It’s an expression that most golfers will recognise and yet many handicap golfers spend very little time practising their putting.
Bobby Locke coined the phrase Drive For Show, Putt For Dough. Meaning it looks truly awesome when you hit the ball a long way, but the idea of the game of golf is to get the ball into the hole in as few shots as possible and putting takes care of a third of all shots.
Most top pro’s know that the weekly winners have usually got the ball in the hole in the fewest putts. So you don’t win anything, or indeed finish anything until the putt is made – Hence the expression ‘Putt For Dough‘
What that effectively means is that putting is arguably the most important part of the game and that is why Tour pros spend so much time working on their short game and putting.
If they don’t make putts, they don’t earn any money
Becoming A Great Putter
Back in the 1960s and early 1970s US golfers won virtually every major championship and European golfers did not compete on the US PGA Tour – in most cases they were not good enough.
To be truthful, I have always contended that their putting was not good enough and that was what made the difference between US and European golfers.
At that time, European golf was dominated by Great Britain as few continental golfers played over here and the European Tour was very much in its infancy.
There were a few South Africans and Australians plus Bob Charles who was virtually the sole Kiwi on tour.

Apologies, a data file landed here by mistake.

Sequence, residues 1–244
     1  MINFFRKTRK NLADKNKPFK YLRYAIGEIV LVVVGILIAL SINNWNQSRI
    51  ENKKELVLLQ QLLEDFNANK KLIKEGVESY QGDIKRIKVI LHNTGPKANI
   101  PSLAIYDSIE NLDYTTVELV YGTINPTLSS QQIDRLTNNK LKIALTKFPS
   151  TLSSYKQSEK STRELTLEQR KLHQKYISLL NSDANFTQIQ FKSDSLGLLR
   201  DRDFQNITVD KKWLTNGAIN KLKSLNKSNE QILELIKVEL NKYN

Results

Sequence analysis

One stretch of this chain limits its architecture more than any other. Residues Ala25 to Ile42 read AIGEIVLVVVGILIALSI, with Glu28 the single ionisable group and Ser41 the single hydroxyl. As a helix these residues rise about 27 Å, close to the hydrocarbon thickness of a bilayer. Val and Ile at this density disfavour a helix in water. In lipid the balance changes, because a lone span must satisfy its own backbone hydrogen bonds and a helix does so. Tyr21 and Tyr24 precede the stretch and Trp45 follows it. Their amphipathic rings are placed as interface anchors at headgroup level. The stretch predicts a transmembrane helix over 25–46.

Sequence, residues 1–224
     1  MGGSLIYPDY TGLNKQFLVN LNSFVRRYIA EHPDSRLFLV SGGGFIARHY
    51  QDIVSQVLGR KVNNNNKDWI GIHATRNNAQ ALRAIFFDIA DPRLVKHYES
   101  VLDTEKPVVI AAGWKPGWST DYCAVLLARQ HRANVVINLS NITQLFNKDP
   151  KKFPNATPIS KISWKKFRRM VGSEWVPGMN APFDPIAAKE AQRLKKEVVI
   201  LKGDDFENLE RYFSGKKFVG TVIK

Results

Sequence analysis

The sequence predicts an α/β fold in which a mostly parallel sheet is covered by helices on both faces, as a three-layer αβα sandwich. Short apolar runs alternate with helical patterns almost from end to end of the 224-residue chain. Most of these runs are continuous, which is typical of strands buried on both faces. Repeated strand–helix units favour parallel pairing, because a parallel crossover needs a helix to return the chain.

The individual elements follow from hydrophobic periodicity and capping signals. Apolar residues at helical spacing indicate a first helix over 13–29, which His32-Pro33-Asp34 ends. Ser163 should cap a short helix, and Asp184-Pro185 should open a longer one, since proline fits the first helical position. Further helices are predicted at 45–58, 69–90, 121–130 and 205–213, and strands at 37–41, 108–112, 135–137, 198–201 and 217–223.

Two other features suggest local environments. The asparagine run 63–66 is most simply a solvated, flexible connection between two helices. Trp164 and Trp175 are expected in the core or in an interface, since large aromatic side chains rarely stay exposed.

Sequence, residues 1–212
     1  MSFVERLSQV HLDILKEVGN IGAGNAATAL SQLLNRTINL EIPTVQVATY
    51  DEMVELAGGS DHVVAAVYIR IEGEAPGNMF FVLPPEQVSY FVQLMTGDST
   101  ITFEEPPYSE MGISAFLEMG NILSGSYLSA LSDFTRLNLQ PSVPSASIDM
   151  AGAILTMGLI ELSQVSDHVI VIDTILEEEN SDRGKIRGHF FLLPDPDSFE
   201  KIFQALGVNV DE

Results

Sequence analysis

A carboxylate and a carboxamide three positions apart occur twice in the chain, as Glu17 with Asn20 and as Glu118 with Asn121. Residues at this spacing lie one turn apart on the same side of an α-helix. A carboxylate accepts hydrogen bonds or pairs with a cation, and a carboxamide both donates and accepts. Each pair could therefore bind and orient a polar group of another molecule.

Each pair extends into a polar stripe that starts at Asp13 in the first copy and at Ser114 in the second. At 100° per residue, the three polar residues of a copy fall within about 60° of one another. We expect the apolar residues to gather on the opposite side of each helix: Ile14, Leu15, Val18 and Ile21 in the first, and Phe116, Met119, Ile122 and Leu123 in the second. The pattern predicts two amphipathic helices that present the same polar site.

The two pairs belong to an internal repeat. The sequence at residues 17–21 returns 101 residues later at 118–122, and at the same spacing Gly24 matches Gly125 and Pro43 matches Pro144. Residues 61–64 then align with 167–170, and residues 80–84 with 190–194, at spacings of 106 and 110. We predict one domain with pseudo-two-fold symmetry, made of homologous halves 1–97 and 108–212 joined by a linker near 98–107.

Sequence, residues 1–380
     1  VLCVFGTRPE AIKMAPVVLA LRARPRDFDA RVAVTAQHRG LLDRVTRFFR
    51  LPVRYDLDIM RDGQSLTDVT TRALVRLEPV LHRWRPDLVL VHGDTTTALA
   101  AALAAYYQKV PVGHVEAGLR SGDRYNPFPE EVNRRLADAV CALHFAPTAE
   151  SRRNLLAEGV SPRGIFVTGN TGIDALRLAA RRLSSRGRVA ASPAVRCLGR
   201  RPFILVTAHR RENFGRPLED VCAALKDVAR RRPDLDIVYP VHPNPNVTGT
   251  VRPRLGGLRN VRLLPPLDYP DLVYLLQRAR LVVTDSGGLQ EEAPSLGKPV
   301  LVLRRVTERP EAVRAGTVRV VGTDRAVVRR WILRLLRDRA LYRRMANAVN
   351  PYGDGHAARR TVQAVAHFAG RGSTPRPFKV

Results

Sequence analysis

From the mid 1970s and into the 1980s, the likes of Ballesteros and Faldo became great putters and the tide of US domination of golf receded.
In my opinion, British golfers recognised the importance of improving their putting to enable them to compete on a world stage. Since then the modern era of golf has shown that to win worldwide you need an allround game and putting is right at the forefront of importance.
So How Do You Become A Great Putter?
- Believe that you can make every putt
- Understand that 95% of first impressions regarding line are correct
- Don’t change your mind once you’ve taken your stance over the ball
- Practice at least 30 minutes EVERY DAY
Do not use any excuse for not practising – wherever you are, whatever surface you have can be putted on. Carpets can be putted on and used to simulate slow greens.
Tile or wood floors can simulate fast greens. When you get to grass you can use your experience of multi-surface practise to adjust much quicker and easier
How To Practice Your Putting
- Concentrate on 6-10 foot putts – if you can make a high percentage of those putts you will reduce your putts per round and therefore improve your overall scoring
- Break your practice sessions into 30 minute sessions to avoid boredom and turn it into something YOU WANT TO DO
- Take 6 balls and spread them around a golf hole at varying distances between 6 feet and 15 feet
- Set yourself a target of achieving 50% success rate – increase that by 5% or 10% per session
- Record your practise sessions so you can monitor your improvement
When you achieve 90% success rate you can call yourself a good putter. Take that success to the course with you and watch your handicap come down.
If you can play to your handicap regularly, you will sometimes play under your handicap AND WIN COMPETITIONS
All the practise you have put in becomes worthwhile because you have proven the expression Putt For Dough and improved putting is the easiest way of handicap golfers reducing their handicap.
A great way to increase your feel on the green when you putt is to practice with your eyes closed!